Good practice would be for the Core Group to meet within 6 weeks of their initial meeting, and at a minimum frequency of once every 2 months following the first Review Conference. More regular meetings may be required according to the needs of the child.


Where the Review Conference recommends major changes to the Child Protection Plan, the Core Group should meet within 10 days of the conference.


Dates for future meetings must be agreed at the first Core Group meeting following each conference.

Formulation of Child Protection Plan


Each child subject to a Child Protection Plan must have a written Child Protection Plan, using the Child Protection Plan pro-forma.


The purpose of this plan is to facilitate and make explicit a coordinated approach to the protection from further harm of each child subject to a Child Protection Plan.


The parents should be clear about:

  • The evidence of Significant Harm which resulted in the child becoming the subject of a  Child Protection Plan;
  • What needs to change in the future; and
  • What is expected of them as part of implementing the plan.

All parties must be clear about the respective roles and responsibilities of family members and different agencies in implementing the plan.


The plan will be outlined at the Child Protection Conference and the Lead Social Worker and Core Group are responsible for ensuring it is drawn up in detail and acted upon.


The Core Group will, as described above, regularly review and where necessary modify the Child Protection Plan.


The Child Protection Plan will constitute an agenda item at each Review Conference.


The Child Protection Plan should be used to clarify expectations and assist in joint working towards shared goals. It can also be used as evidence, in any legal proceedings, of the efforts made to work in partnership (this must be made clear to parents).

Outline Child Protection Plan


An outline plan must be drawn up at Initial and Review Conferences, following the decision to develop a Child Protection Plan or continue with that plan. (see Actions and Decisions of the Conference Procedure, Outline Child Protection Plan) . The aim of the outline plan is to assist the Core Group to form a clearer focus of work with the family and to explicitly define individual professional responsibilities.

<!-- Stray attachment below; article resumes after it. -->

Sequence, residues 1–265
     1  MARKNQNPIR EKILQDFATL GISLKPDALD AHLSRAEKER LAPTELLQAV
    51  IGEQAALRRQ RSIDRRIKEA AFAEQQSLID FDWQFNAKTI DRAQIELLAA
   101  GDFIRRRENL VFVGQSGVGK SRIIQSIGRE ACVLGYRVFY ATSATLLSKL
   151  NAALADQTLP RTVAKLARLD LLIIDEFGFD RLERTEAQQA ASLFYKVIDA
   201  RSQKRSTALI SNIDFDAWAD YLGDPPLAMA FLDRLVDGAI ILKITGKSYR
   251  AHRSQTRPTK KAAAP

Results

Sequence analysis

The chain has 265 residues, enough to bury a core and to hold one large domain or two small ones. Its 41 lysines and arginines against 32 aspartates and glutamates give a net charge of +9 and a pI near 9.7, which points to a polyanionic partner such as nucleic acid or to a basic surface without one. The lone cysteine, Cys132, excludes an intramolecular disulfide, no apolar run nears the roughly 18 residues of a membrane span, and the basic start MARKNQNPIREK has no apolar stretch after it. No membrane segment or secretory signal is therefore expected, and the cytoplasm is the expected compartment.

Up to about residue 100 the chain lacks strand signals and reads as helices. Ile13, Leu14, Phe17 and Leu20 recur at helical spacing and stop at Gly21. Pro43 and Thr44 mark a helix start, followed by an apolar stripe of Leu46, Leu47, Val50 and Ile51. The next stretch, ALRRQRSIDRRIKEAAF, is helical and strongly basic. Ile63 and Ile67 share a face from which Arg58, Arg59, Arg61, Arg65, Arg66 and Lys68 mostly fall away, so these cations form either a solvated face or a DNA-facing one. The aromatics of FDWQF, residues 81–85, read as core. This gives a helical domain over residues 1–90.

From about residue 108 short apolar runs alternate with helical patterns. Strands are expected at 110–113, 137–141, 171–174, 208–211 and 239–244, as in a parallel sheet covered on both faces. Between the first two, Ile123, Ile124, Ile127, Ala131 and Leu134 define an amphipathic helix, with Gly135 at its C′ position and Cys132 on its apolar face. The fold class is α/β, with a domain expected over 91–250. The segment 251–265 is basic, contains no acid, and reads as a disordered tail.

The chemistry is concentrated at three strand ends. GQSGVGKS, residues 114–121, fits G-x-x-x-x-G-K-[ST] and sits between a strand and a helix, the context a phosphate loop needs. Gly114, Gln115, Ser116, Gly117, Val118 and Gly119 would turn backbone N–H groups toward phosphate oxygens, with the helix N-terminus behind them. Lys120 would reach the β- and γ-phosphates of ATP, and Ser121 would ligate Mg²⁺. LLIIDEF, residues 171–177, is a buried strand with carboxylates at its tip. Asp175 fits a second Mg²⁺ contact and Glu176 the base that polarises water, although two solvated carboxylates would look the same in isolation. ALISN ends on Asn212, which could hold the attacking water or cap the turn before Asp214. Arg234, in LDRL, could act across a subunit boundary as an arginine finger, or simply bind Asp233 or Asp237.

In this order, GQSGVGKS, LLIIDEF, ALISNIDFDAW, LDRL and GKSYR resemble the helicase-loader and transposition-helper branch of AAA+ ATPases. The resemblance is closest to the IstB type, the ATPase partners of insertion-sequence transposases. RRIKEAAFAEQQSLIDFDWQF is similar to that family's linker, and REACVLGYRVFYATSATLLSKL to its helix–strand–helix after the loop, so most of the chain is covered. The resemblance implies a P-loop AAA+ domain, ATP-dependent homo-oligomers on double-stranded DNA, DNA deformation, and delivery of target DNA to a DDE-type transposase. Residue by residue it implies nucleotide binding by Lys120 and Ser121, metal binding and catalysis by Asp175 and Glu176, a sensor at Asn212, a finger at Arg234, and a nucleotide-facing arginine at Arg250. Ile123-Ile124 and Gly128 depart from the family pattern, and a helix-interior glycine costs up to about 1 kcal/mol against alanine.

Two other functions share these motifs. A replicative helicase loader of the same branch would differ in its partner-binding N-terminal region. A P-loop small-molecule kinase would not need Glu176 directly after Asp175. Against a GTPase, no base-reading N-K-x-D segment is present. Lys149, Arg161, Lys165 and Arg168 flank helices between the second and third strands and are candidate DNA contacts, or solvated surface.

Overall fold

There should be no reduction in service level or significant change to the Child Protection Plan without:

  • The recorded agreement of other Core Group members; and
  • The recorded agreement of the first line manager; and
  • Consulting the conference chair; and
  • Consideration with the chair and line manager of any need to reconvene the conference.

The Detailed Child Protection Plan


Professionals and parents/caregivers should develop the details of the Child Protection Plan in the Core Group. The overall aim of the plan is to:

Ensure the child is safe from harm and prevent him or her from suffering further harm by supporting the strengths, addressing the vulnerabilities and risk factors and helping meet the child's unmet needs;

Promote the child's health and development, i.e. their welfare; and

Provided it is in the best interests of the child, to support the family and wider family members to safeguard and promote the welfare of their child.


The Child Protection Plan should be based on the findings from the assessment, following the dimensions relating to the child's developmental needs, parenting capacity and family and environmental factors, and drawing on knowledge about effective interventions. Where the child is also Looked After, the Child Protection Plan should be part of the Looked After child's Care Plan.


The content of the Child Protection Plan should be consistent with the information set out in the Child Protection Plan Record (on ICS). It should set out what work needs to be done, why, when and by whom. The plan should include:

  • When and in what situations the child will be seen by the child's Lead Social Worker, both alone and with other family members or carers present;
  • Describe the identified developmental needs of the child, and what therapeutic services, if any, are required;
  • Include specific, achievable, child-focused outcomes intended to safeguard and promote the welfare of the child;
  • Include realistic strategies and specific actions to achieve the planned outcomes;
  • Include a contingency Plan to be followed if circumstances change significantly and require prompt action;